We’re grateful to Judith Polich for granting the Mid Rio Grande Times permission to print an excerpted version of this article, originally published in the Albuquerque Journal (click here for the full piece).

Riparian wetland. Photo by Katherine Chilton

According to the New Mexico State Wetland Summary, we used to have about a million acres of wetlands. We have lost 52%. Now only 0.6% of our land base is wetland. In our high desert communities those remaining should be considered our crown jewels. They have always been vulnerable but with the new Supreme Court ruling, Sackett vs U.S. EPA, what few protections most of our fragile, drought-prone wetlands had have been lost.

This politically motivated decision, which disregards any scientific understanding of wetland habitats, decimated many of the protections available under the Clean Water Act by revoking protections from wetlands that lack a “continuous surface water connection to larger streams, lakes and rivers.” Some 93% of New Mexico’s waterways are intermittent, including many of our ephemeral arroyos, cienegas, effluent-dependent streams, playa lakes and other man-made reservoirs, waterway and canals. Even the Rio Grande runs dry in certain areas at times.

 The effect on New Mexico will be devastating. We do require permits for certain ground water discharges, but we do not have a permitting system for surface water, including wetlands. Instead we have regulated our wetlands through the authority provided by the Clean Water Act and regulatory authority provided by the US Army Corp of Engineers permitting process.

Until we get regulations in place, many of our remaining wetlands and waterways are vulnerable to the rapacious actions of developers, ranchers and miners. We simply cannot let our few remaining wetlands be drained and filled.

To make matters worse, polluters may no longer need to have a permit to discharge hazardous materials into many of our watersheds. And since some large infrastructure projects like pipelines will no longer need Clean Water Act permits or environmental reviews, states may no longer be able to object even if proposed projects will harm our waterways and water users.

It is very clear that this ruling puts us all at great risk. As NMED Department Secretary James Kenny said, “The U.S. Supreme Court’s decision amounts to cultural appropriation for New Mexico residents and tribal members, stripping us of our connections to our most precious natural resource. This comes at a time when climate change demands even greater protection of ephemeral streams, wetlands and groundwater. While this decision is devastating to water-starved Western states, we will not be deterred from our mission to protect water for current and future generations.”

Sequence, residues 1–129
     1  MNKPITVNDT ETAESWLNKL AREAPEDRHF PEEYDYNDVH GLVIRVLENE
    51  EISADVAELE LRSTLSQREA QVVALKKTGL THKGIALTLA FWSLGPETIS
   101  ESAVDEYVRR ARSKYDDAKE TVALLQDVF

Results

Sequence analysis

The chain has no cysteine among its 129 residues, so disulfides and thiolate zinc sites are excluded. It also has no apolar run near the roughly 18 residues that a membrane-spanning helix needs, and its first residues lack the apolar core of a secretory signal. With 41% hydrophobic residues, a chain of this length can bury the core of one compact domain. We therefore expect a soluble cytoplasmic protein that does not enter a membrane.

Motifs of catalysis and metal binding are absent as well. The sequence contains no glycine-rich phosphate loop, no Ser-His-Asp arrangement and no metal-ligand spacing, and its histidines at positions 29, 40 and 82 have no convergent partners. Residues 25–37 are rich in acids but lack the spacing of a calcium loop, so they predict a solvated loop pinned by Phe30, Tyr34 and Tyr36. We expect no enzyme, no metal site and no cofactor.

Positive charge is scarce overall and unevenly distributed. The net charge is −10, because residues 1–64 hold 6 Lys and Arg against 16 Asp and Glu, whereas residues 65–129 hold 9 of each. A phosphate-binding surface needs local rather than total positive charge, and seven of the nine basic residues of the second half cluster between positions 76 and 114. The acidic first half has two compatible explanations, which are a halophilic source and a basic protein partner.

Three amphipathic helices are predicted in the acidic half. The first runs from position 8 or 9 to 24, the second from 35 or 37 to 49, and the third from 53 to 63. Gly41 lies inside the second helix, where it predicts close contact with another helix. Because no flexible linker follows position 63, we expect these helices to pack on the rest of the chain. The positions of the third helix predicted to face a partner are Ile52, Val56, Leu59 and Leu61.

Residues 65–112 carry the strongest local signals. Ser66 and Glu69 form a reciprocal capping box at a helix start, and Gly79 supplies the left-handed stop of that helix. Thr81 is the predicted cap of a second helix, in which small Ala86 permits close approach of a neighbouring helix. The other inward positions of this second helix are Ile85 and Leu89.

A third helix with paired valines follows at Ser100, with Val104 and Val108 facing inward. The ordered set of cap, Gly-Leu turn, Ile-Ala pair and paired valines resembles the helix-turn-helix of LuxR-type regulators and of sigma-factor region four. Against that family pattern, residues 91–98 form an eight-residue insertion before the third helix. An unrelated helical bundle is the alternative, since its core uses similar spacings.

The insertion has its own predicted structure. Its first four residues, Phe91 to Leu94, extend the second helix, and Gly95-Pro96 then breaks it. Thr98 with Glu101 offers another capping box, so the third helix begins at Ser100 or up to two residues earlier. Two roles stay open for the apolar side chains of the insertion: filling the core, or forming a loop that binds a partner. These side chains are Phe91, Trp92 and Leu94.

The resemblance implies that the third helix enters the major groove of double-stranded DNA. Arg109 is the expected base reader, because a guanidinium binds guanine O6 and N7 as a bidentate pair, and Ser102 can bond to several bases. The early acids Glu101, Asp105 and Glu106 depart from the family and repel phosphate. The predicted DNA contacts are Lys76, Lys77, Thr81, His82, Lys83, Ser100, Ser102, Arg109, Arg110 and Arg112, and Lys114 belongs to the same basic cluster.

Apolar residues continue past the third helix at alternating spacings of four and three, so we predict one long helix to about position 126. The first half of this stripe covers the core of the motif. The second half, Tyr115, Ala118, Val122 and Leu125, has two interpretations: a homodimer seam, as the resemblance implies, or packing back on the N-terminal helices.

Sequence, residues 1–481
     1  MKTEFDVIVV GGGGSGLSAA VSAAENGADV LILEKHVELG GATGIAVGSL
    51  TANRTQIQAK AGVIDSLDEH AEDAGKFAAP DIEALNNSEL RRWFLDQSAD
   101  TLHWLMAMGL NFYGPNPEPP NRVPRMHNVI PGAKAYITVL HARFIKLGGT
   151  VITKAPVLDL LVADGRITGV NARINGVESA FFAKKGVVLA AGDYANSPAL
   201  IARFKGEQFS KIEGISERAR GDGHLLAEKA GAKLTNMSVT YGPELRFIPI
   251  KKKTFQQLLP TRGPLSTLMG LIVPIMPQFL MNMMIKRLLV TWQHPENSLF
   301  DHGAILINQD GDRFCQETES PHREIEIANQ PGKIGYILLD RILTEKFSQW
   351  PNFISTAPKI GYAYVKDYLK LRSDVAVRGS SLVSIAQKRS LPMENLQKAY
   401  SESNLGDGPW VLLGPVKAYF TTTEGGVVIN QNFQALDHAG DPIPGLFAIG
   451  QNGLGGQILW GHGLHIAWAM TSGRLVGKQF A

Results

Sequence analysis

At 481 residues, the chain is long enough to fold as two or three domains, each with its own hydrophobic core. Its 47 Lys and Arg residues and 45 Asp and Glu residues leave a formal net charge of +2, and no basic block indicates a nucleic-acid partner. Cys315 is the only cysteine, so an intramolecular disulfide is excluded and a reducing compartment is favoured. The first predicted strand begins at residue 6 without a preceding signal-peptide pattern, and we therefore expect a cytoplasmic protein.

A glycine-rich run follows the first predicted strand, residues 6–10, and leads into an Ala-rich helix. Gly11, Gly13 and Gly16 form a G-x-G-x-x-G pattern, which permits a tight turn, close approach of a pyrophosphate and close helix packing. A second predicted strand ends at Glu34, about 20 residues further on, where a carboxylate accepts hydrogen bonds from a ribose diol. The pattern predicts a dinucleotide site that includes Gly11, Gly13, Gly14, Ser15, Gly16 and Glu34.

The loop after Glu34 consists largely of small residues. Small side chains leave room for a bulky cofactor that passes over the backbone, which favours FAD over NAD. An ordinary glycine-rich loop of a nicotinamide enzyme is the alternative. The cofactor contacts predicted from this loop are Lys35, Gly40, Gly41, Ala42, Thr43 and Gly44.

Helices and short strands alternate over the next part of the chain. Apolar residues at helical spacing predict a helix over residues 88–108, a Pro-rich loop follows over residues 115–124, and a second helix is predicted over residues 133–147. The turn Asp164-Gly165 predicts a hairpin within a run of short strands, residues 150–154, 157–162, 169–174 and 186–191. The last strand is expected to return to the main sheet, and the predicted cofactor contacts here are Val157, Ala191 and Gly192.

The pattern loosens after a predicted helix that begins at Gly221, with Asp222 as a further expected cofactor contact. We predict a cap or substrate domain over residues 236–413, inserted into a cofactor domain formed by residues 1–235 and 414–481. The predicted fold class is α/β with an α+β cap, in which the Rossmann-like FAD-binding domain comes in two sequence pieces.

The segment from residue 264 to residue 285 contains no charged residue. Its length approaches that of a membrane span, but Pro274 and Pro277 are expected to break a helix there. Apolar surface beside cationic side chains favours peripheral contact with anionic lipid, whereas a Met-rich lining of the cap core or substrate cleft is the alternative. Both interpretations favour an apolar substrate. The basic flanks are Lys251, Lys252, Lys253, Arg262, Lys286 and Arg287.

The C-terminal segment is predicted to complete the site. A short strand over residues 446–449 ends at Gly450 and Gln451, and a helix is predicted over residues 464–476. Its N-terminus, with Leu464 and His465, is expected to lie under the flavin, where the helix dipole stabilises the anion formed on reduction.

But it is not that easy. It takes legislative and administrative action, money, and EPA approval. John Roderick, NMED Water Protection Director, told the State Water and Natural Resources Committee in June that to get surface water permitting in place may take up to six years at current budget levels. We need to mandate a faster process and give it a budget priority. Six years is too long. And let’s not pretend this can get done in a 30-day session. We need a special session to tackle this issue and to address other long-deferred environmental matters. And we need immediate action on stop-gap measures until new regulations can take effect. How about some creative thinking? Can we regulate our surface water and wetlands under any current authority? We were caught unprepared. We need to act like it’s the emergency it is.

Judith Polich is a New Mexico resident and writes the climate change column“Cutting Your Carbon Footprint” for the Albuquerque Journal. She can be reached at judith.polich@gmail.com